Monthly Archives: October 2012


at the altar

Tread, try, trust; trust, tremble.
O Betrayed: to us -ward (astray)
Stride thou–in travail.

Trial. Tree once (for us, try) torn,
Fruit tried; hearts tied, we tire, stumble.
Tree (for us, torn) try, and terror; (humble).

Torn, thou: o come. Come, Desired.
(Come thou tired, tired thou My
People, and try.)

EDIT: Don’t worry, folks, I’m not going to go all Wasteland on you. If you’re going to seriously write poetry that requires footnotes, you should be as brilliant–and wise–as Eliot. I’m not.

It’s mostly a study in the “tr” sound (which is admittedly not a very nice one, but it was stuck in my head one day, and wanted to get out),  combined with a Latin teacher’s hobby of playing with cases. How do the words go together? How would a line read, if you took such-and-such as the subject, versus taking it as the direct object? Or as modifying the addressee? (In the second verse, for instance, the parentheticals are vocative, while the first clause is indicative (with an implied ‘is’), while the second is hortatory subjunctive. This tickles me pink…(!!), but it needn’t trouble you in the least.)

It’s like a ball of yarn: a just-for-fun, rather hairy, and convoluted problem, better suited to being batted about than unravelled. (You’re welcome for that simile. It was inspired by Maggie the Cat…who is currently snoozing, in her useless feline fashion, on my bed.) Maybe someday I will use it to make something sensible.

(Then again: maybe not.)

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Take not roundness
from the acorn; light
from fire; nor color

from the midnight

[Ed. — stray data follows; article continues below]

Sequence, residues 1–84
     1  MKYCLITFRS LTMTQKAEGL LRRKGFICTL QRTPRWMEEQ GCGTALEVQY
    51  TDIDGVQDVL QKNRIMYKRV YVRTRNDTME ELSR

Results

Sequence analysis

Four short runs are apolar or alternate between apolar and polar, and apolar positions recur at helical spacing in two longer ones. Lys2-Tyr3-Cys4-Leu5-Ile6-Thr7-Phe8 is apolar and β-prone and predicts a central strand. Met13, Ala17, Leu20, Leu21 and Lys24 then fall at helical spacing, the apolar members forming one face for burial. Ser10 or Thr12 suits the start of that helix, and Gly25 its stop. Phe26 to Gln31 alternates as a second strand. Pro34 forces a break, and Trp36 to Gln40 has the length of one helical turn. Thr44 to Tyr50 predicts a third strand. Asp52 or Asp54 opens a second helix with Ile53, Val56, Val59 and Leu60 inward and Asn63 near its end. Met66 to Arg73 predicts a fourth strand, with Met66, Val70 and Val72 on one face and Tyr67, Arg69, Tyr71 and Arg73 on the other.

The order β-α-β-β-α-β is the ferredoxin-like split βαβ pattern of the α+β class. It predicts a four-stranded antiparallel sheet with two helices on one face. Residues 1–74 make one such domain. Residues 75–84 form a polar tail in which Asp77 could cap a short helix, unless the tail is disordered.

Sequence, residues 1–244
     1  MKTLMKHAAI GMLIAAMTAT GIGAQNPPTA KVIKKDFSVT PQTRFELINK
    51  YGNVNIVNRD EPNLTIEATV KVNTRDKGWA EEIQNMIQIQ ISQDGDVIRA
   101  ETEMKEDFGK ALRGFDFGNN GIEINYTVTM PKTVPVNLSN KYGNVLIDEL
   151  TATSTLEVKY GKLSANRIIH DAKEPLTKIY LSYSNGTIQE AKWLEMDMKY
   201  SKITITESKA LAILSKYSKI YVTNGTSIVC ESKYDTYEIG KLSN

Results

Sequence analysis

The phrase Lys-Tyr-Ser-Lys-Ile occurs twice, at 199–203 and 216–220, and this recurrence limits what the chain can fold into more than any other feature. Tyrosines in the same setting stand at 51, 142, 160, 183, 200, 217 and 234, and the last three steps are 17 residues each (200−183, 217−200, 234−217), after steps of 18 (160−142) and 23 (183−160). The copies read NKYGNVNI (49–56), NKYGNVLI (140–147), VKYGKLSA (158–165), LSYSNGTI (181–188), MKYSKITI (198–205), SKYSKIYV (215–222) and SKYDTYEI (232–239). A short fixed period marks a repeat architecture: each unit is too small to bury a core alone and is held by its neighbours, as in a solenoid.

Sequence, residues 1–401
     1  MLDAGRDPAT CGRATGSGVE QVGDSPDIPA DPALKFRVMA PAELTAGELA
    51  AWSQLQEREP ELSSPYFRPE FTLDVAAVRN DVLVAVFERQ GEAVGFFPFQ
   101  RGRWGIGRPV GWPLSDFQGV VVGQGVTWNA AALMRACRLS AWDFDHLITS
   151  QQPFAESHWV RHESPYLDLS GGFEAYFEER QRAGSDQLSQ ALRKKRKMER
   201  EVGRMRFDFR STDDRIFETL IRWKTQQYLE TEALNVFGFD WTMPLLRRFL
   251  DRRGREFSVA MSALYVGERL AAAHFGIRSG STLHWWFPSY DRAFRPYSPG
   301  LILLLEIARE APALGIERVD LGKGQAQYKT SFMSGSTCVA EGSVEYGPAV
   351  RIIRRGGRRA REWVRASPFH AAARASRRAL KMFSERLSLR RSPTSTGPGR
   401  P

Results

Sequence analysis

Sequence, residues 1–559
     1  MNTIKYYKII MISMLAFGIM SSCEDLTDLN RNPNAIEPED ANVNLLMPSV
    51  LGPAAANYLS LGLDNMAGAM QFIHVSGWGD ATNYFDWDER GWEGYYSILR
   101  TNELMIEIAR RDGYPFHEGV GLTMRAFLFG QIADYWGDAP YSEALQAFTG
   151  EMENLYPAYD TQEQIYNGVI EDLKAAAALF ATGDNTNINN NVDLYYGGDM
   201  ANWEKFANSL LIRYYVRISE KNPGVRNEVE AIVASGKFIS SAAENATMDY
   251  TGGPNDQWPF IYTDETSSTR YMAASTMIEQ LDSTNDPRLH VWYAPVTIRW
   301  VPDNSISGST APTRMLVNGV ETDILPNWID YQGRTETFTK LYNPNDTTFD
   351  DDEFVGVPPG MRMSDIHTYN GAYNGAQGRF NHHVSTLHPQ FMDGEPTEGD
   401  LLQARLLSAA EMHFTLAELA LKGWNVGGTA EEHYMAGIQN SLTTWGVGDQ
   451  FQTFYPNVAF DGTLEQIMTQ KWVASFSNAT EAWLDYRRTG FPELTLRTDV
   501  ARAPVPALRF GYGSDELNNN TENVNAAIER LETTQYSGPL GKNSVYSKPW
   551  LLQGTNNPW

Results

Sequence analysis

And take not thy
Holy Spirit from


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wendell berry: come forth

I just ran across this poem in a beautiful little autumn-yellow book of Berry’s poetry, recently–and illicitly, for it wasn’t on the Official Book List–garnered at Half Price Books. It startled me the first time, and made me cry the second. Probably because I know the man it might have been written about; an old soldier who joined the army when “cavalry” still meant horses, and who, a few months ago, went to be with his God.

Grandpa, I can’t wait to meet you again, when you are strong and shouting with glory, older and younger and more splendid than we could have imagined.

I can’t wait to meet you for the first time.

Come Forth

I dreamed of my father when he was old.
We went to see some horses in a field;
they were sorrels, as red almost as blood,
the light gold on their shoulders and haunches.
Though they came to us, all a-tremble
with curiosity and snorty with caution,
they had never known bridle or harness.
My father walked among them, admiring,
for he was a knower of horses, and these were fine.

He leaned on a cane and dragged his feet
along the ground in hurried little steps
so that I called to him to take care, take care,
as the horses stamped and frolicked around him.
But while I warned, he siezed the mane of the nearest one.
“It’ll be all right,” he said, and then from his broken stance
he leapt astride, and sat lithe and straight
and strong in the sun’s unshadowed excellence.

{Wendell Berry}


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